"We need a doc here!"
Jackie Brown jumped up. The uncharacteristic note of panic in the medic's voice carried over the rattle of the stretcher's wheels as it rolled its bleeding cargo into the Emergency Room.
"What have we got, guys?"
"It's Dr. Goldfarb. He lost control of his Jag and smashed into a pole."
The young ER attending stopped in her tracks.
"Our Dr. Goldfarb? Chief of Staff, Dr. Goldfarb?"
"That's him, all right." The medic's face was grim.
That damn car, thought Jackie. Judy always said it would be the death of him. Bertram Goldfarb's very new, very red, very small, very fast sports car would have been heart-stoppingly recognizable no matter how badly any accident might have mangled it. Looking around at the members of the ambulance crew, Jackie saw them struggling to maintain their composure.
And you stop your action packed narrative to talk about the car...why? I'd take out everything from "That damn car though might have mangled it" and leave the last sentence.
"Let's get him into Trauma One." The same iron grip of fear had clamped down on Jackie. She could barely feel her heart pounding.
They maneuvered the stretcher into the cubicle lined with prepared equipment, slid the bloody body over onto the ER gurney, and went to work like the well-oiled team they were. Nurses and techs began cutting off clothes, attaching cardiac monitor leads, swinging the portable X-ray machine arm over the patient and securing the two large intravenous lines that had been placed in the field. Jackie began at the head of the stretcher, checking the position of the endotracheal tube that had already been inserted at the accident scene before the body had been slid into the ambulance. She listened to each side of the chest in turn.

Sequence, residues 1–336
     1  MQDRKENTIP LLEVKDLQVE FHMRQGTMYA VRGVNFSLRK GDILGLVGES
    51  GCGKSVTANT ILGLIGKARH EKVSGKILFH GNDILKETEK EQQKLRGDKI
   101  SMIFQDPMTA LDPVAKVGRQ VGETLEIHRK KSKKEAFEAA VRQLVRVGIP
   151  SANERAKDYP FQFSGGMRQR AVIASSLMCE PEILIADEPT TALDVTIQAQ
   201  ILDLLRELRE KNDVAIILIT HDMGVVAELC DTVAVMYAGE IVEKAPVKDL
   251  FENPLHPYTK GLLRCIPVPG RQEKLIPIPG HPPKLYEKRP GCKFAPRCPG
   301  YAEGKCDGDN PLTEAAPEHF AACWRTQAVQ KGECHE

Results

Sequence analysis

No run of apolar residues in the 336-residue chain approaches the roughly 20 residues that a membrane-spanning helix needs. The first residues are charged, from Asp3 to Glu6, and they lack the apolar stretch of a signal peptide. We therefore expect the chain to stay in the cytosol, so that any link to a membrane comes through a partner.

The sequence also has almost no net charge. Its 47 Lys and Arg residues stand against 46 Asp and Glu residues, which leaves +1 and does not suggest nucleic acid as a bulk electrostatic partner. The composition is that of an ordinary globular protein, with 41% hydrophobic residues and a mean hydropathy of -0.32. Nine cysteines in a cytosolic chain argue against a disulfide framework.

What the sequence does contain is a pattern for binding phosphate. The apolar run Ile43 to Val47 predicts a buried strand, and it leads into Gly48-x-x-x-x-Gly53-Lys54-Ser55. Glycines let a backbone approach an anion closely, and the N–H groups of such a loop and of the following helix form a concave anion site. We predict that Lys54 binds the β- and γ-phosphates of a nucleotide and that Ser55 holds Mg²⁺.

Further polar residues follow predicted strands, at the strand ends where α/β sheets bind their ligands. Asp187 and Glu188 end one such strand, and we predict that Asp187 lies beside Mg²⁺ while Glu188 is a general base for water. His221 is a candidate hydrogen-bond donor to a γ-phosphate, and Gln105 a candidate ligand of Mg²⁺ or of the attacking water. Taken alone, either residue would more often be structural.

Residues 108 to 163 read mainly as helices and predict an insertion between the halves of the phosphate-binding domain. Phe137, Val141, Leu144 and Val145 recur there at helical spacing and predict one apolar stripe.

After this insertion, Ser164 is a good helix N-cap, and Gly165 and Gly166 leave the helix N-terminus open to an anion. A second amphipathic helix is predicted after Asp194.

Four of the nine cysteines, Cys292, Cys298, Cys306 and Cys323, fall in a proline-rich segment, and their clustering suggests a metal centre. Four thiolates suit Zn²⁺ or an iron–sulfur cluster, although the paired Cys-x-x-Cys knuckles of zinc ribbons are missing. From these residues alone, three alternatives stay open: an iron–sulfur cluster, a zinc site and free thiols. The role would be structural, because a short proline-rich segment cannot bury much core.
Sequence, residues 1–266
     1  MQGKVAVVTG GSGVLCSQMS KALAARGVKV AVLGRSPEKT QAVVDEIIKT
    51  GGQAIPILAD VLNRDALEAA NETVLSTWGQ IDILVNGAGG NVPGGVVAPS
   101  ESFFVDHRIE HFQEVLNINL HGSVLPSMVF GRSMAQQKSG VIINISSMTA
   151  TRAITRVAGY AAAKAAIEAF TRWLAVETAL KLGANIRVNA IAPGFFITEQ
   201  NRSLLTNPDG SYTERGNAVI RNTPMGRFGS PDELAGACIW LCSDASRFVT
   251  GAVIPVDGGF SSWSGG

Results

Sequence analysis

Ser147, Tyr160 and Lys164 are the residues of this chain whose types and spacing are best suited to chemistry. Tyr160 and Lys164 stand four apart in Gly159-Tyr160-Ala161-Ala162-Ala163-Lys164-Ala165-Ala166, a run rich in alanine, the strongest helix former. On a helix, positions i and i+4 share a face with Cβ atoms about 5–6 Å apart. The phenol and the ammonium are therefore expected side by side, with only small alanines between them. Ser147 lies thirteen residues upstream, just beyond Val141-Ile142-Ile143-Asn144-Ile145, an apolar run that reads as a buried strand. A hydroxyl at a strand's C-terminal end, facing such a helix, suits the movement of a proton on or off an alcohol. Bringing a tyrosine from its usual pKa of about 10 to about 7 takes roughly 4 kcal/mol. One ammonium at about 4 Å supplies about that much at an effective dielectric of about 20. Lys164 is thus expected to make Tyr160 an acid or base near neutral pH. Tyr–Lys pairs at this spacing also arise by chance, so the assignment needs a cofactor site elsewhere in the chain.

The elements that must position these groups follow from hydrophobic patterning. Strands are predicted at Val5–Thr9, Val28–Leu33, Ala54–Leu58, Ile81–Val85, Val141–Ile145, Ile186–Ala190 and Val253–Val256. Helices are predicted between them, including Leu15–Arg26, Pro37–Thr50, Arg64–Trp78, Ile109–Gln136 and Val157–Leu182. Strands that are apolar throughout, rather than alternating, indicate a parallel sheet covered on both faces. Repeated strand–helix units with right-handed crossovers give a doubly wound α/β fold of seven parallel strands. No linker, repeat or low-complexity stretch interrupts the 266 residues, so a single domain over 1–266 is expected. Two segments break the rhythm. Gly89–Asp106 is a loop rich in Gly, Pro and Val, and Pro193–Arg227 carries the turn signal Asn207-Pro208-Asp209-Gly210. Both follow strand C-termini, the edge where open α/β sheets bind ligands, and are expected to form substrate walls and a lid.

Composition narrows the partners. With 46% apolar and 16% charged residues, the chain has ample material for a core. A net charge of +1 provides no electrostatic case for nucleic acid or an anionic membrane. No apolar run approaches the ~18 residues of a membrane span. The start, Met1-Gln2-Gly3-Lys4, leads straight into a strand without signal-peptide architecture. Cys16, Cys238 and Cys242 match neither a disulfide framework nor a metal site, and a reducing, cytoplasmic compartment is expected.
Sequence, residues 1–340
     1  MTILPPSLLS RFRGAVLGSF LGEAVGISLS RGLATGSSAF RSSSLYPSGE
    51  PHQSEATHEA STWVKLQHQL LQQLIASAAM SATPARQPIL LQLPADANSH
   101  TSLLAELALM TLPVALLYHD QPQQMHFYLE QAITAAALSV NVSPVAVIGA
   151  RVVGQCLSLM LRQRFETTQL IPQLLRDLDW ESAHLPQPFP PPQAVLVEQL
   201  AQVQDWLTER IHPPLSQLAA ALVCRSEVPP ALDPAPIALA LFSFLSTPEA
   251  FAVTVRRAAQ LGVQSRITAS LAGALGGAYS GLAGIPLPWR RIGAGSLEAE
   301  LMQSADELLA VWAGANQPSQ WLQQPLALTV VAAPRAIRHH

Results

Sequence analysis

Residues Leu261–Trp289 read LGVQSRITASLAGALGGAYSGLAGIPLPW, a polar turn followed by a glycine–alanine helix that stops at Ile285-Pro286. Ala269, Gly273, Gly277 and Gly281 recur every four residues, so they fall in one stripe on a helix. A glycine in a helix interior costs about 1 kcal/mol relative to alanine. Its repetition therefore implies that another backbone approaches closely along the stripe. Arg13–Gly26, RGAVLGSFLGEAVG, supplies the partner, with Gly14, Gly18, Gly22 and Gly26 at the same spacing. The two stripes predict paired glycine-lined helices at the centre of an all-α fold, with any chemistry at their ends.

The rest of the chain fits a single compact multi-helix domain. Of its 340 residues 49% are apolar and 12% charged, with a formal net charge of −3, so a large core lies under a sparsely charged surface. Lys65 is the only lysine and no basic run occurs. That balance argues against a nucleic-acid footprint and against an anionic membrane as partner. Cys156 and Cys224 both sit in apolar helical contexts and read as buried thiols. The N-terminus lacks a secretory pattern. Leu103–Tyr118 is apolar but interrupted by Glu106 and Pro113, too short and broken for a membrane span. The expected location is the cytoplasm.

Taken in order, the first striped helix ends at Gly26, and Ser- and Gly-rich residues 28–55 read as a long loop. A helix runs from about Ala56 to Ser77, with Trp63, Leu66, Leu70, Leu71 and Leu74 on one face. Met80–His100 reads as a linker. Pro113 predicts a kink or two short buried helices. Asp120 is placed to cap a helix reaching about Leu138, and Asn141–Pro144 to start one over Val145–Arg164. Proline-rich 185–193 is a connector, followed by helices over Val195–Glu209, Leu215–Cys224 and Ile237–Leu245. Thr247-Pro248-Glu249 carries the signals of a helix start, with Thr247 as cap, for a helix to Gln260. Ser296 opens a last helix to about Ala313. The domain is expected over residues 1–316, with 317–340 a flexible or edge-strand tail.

"No breath sounds on the left," she announced.
She carefully unwrapped the tape that held the tube to the lip and delicately withdrew it one centimeter, using the markings...
First, no matter what anyone says about word count or pages, never leave a sentence unfinished. It's maddening. If you can only send three hundred words, or one page, STOP before you get to that if you have too. With this I would have stopped at the "no breath" line.
Second, why everyone fills up driving narrative with description is beyond me. When you have relentless action moving forward you aren't paying attention to much except what's going on. Leave out the "she could barely feel her heart pounding". You leave that out because it's NOT something an ER attending is going to be thinking about if she's got a bleeding patient in front of her, and you also leave it out cause it's not something MOST of us think about.
Iron grip of fear is a total cliche.
This is another case where I'd advise deeply imagining what goes on. it's fast paced, there are people shouting instructions. No one is standing around mouths agape wondering about their heart rate. This guy is dying. Save him!
This has potential but it needs a transfusion!